Sonnet 1 (William Shakespeare)

From fairest creatures we desire increase,
That thereby beauty’s rose might never die,
But as the riper should by time decease,
His tender heir might bear his memory:
But thou, contracted to thine own bright eyes,
Feed’st thy light’s flame with self-substantial fuel,
Making a famine where abundance lies,
Thyself thy foe, to thy sweet self too cruel.
Thou that art now the world’s fresh ornament
And only herald to the gaudy spring,
Within thine own bud buriest thy content
And, tender churl, makest waste in niggarding.
Pity the world, or else this glutton be,
To eat the world’s due, by the grave and thee.

William Shakespeare (1564-1616)

Sonnet LXXV (Edmund Spenser)

One day I wrote her name upon the strand,
But came the waves and washed it away:
Again I wrote it with a second hand,
But came the tide, and made my pains his prey.
“Vain man,” said she, “that dost in vain assay.
A mortal thing so to immortalise,
For I myself shall like to this decay,
And eek my name bee wiped out likewise.”
“Not so,” quoth I, “let baser things devise,
To die in dust, but you shall live by fame:
My verse your virtues rare shall eternise,
And in the heavens write your glorious name.
Where whenas death shall all the world subdue,
Our love shall live, and later life renew.”

Edmund Spenser (1552/1553-1599)

Windows 10 Preview 21292.1000

I’ve just updated my Windows 10 laptop with this pre-release build of Windows 10 via the Windows Insider Program. It’s a chance to try out new features before the normal release date of significant updates to the Windows 10 operating system (see here for more information).

When it first loaded there was initially little to distinguish it from my existing version, just the information in the bottom right-hand corner of the desktop (shown above) and a weather icon and text on the taskbar. The latter expands to show various other information (which you can customise), but I like a minimalist taskbar and so I soon got rid of it. If you like these kind of features, you might find it useful.

Geeks (like me) can find more information here.

Honey For Wounds (Ego Ella May)

As the title suggests, this album is one to soothe troubled spirits in a challenging world, even when addressing tough issues in today’s society. It’s one of my favourite albums of 2020.

You can see all my favourite 2020 albums by clicking here.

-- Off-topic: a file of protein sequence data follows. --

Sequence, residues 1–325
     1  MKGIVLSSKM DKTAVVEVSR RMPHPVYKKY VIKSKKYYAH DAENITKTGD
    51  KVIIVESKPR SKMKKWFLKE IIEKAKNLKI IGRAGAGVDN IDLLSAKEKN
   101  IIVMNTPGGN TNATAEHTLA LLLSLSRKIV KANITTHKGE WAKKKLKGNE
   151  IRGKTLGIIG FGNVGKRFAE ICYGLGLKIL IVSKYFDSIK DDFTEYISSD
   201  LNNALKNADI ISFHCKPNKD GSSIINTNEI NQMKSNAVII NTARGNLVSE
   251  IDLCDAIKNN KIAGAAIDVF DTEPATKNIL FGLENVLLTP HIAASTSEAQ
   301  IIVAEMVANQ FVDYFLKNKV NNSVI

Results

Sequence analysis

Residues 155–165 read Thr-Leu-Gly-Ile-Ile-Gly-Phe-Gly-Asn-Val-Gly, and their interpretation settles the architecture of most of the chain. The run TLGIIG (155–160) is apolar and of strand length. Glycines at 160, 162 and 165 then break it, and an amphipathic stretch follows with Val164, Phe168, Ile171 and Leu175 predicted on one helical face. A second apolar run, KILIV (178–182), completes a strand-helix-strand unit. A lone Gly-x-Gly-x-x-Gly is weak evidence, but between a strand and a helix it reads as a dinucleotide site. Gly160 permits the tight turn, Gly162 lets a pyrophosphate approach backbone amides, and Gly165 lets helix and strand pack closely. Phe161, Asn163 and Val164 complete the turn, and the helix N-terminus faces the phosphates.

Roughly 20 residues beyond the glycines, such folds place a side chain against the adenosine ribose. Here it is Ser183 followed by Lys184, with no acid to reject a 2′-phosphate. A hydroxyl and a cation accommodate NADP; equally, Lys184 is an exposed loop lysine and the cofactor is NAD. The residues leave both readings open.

Ego Ella May is a British songwriter and vocalist from South London. She has an all-encompassing love of music, which she channels into her own neo-soul and contemporary jazz compositions. She boasts a rich, mature sound, one that belies her years.

You can find the album on Bandcamp (and other streaming services) and an excellent review here.

First they came… (Martin Niemöller)

First they came for the Communists
And I did not speak out
Because I was not a Communist

Then they came for the Socialists
And I did not speak out
Because I was not a Socialist

Then they came for the trade unionists
And I did not speak out
Because I was not a trade unionist

Then they came for the Jews
And I did not speak out
Because I was not a Jew

Then they came for me
And there was no one left
To speak out for me

Martin Niemöller (1892-1984)

See also: Holocaust Memorial Day

Note: There are several variations of this poem, the above version is from here.

Food Supplements and Vitamins

They say that if you have a good, balanced diet you don’t need food supplements and vitamins. Now, I’m not a doctor, but I feel there is a place for them at times and in certain circumstances. I’m only making personal suggestions here, so it’s important that you use common sense, and seek medical advice if necessary because there can be adverse effects if taken inappropriately.

Because I’m over 65 years old, I take a number of food supplements and vitamins daily: a multivitamin and mineral tablet (formulated for men), a glucosamine and chondroitin tablet to protect my joints (especially as I’m a runner), an omega 3 fish oil capsule (unless I’ve eaten oily fish that day) to help maintain a healthy heart, and a vitamin D capsule.

Vitamin D is essential for the optimal performance of our immune systems, and is produced naturally in the body with the help of sunlight. Unfortunately, it’s easy to become deficient in this sunshine vitamin in the UK and other countries with short days and little sunlight in winter.

A few years ago I was diagnosed with a vitamin D deficiency and was prescribed a high dose of this vitamin. I now take a high daily dose of vitamin D in winter, and a maintenance dose during the summer. In the current coronavirus pandemic, it might be worthwhile thinking about taking this vitamin, but please take medical advice as you can take too much.

Each of my young children also have a daily chewable age-appropriate multivitamin pastille, and they always remind me at teatime in case I forget.

Do you take food supplements and vitamins?

Earth (EOB/Ed O’Brien)

I’m retrospectively listing this album as a favourite of 2020 as I missed it when it came out in April 2020, probably because of the moniker EOB and the fact that a lot was going on in my life then. You can see all my favourite 2020 albums by clicking here.

Earth is the debut solo album by Ed O’Brien, one of the guitarists of Radiohead, its brilliance was unmistakable on my first listen.

Living in Brazil since 2012, the album was inspired by the spirit and being in Brazil, open-heartedness, rhythm, and colour, as well as the Primal Scream album Screamadelica (1991). Primarily an alternative rock, post-Britpop, and dance-rock album, Earth features elements of tropical dance, bossa nova, and punk funk.

It’s a highly original album, with (for me anyway) some ‘wow’ moments. It’s been described as ‘a reassuring anchor in these chaotic times’. Believe me, it’s well worth a listen.